The American Chamber of Commerce released a report regarding Mexico in June of last year, entitled: Foreign Direct Investment in Mexico: Is Your Investment Safe? It was exceptionally positive and lucid report, especially when compared to how mainstream media has been portraying the country recently. Its a long report, but here are some of the highlights.
The Mexican government is engaged in a vital effort to disrupt and dismantle drug cartels. The military has been called in, local police are being reorganized, retrained and purged of corrupt elements, and changes have been made to streamline criminal trials.
The result has been an unprecedented number of arrests, extraditions, prosecutions and large-scale seizures of drugs, weapons, cash and assets. These efforts have also led to increased violence as criminal gangs confront government forces and battle among each other for control of key territory. These events have been widely publicized on both sides of the U.S.-Mexico border. The media coverage, however, often fails to provide sufficient context.
Isn’t that the truth…
AMERICAN CHAMBER OF COMMERCE OF MEXICO (AMCHAM) is aware that the perceptions of Mexico as a place to live, work and do business are very often at odds with the reality. Since joining NAFTA, Mexico has developed a stable market economy, now the eighth largest in the world, and enjoys a solid record of macro-economic success. The middle class is now the largest socio-economic group in the country. In addition, China’s low wage advantage has all but disappeared while transportation costs have soared. As a result, Mexico with its myriad of free trade agreements, is perfectly positioned to serve as an export platform for manufacturers. In 2010 alone, a number of foreign companies have announced investment plans involving hundreds of millions of dollars to create or expand productive capacity in Mexico or to serve the burgeoning middle class. Mexico is a strategic economic partner of the U.S.
AMERICAN CHAMBER/MEXICO is committed to working with Mexico in its efforts to reduce crime, to create more and better economic opportunities for its citizens, to improve transparency and the rule of law, and to promote greater integration between our two nations.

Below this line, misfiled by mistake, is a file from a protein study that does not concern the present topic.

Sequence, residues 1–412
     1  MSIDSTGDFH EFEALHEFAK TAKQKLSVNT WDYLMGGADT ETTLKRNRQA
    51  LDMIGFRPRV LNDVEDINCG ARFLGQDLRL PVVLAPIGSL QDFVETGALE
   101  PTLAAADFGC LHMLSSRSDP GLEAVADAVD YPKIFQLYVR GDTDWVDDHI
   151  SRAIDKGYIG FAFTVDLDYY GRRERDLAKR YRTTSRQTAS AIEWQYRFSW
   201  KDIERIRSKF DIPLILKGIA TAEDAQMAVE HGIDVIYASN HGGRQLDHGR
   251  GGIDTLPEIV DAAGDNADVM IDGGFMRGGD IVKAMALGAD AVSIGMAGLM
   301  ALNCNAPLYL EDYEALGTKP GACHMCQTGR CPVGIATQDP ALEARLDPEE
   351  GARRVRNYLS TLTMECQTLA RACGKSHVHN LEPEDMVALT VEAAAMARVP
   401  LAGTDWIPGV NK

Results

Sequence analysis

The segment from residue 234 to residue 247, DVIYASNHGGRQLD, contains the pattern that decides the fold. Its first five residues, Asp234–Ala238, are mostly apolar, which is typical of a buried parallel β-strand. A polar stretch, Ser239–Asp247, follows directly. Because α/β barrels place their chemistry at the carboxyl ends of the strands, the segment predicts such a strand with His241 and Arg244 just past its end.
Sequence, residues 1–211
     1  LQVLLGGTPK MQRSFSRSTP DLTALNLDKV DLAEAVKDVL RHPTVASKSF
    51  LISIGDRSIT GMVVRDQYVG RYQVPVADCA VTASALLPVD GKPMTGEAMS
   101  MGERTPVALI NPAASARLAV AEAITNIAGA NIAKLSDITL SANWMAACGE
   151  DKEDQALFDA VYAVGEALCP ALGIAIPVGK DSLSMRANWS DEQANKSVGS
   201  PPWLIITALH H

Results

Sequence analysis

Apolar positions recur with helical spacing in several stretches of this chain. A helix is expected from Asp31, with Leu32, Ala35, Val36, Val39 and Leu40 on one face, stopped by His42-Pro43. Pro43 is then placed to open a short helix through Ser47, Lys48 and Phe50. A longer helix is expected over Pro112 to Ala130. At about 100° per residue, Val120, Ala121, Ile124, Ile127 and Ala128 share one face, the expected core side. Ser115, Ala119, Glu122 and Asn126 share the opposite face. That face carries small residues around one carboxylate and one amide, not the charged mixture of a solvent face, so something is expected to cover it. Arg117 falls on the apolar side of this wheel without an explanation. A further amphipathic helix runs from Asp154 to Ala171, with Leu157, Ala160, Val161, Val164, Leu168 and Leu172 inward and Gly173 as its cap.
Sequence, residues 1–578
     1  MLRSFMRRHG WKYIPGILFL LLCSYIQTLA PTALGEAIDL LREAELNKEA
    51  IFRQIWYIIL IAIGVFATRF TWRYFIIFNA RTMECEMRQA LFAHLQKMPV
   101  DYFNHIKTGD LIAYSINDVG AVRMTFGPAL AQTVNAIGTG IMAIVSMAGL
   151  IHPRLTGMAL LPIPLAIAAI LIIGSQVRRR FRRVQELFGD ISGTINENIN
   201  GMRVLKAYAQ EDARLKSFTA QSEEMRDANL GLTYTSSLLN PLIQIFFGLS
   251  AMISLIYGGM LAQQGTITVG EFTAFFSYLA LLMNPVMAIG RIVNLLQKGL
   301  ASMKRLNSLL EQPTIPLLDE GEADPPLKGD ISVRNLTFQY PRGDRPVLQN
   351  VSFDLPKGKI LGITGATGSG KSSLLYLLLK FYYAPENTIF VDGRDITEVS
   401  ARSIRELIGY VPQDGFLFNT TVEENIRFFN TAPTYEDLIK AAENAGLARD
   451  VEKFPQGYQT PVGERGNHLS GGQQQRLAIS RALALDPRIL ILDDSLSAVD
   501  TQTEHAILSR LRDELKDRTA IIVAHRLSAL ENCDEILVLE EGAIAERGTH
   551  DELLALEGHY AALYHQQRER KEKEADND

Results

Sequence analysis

AMERICAN CHAMBER/MEXICO believes that while the recent spate of insecurity has put a cloud over Mexico’s business climate, Mexico remains an excellent choice for investors: the country has a strong and growing internal market, offers a competitive manufacturing environment with excellent geographic location and has solid macro-economic fundamentals.
Mexico’s most recent economic difficulties were not of its own doing. Unlike the U.S. and Europe, Mexican financial institutions did not engage in reckless less lending practices. To the contrary, the Mexican banking system is very sound. In fact, Mexico has been a model of economic stability since at least the early 1990’s. And with an average per capita income of over $7,800 USD, Mexico is considered a relatively wealthy country by World Bank standards.
Indeed, Mexico has run a responsible macroeconomic policy for the last several years. The country has more free trade agreements than any other country in the world. Moreover, tariff average rate (from 11% to 5%) to the rest of the its accumulated foreign reserves have helped Mexico weather this economic downturn. At the same time, the of this was accomplished while also transitioning to a representative democracy after 70 years of single-party rule. Not many countries could have accomplished such a feat.
There are a number of reasons to be positive about the prospects for economic growth and stability in Mexico.
- First, Mexico enjoys enormous benefits owing to its proximity to the United States. Geography will become even more pronounced as manufacturers move away from outsourcing and embrace near sourcing, while China continues to lose its once considerable cost advantage.
- Second, NAFTA offers legal protection to US investors in Mexico that operates independently from the domestic legal system.
- Third, Mexico has a young, hardworking and well trained labor force; in fact, according to Engineering Trends, Mexico graduates more engineers per capita than Brazil, China and even the U.S.
- Fourth, Mexico and the U.S. enjoy strong cultural and business linkages.
- Finally, the Mexican government has implemented a number of initiatives designed to enhance Mexico’s competitive position. The National Infrastructure Program will upgrade the country’s railroads, highways, energy sector and ports. Antitrust legislation will reduce the power of long-standing monopolies and Mexico will continue down the path of greater transparency and more effective legal regimes including the protection of intellectual property rights.
I’ll be posting more from the report over the next week.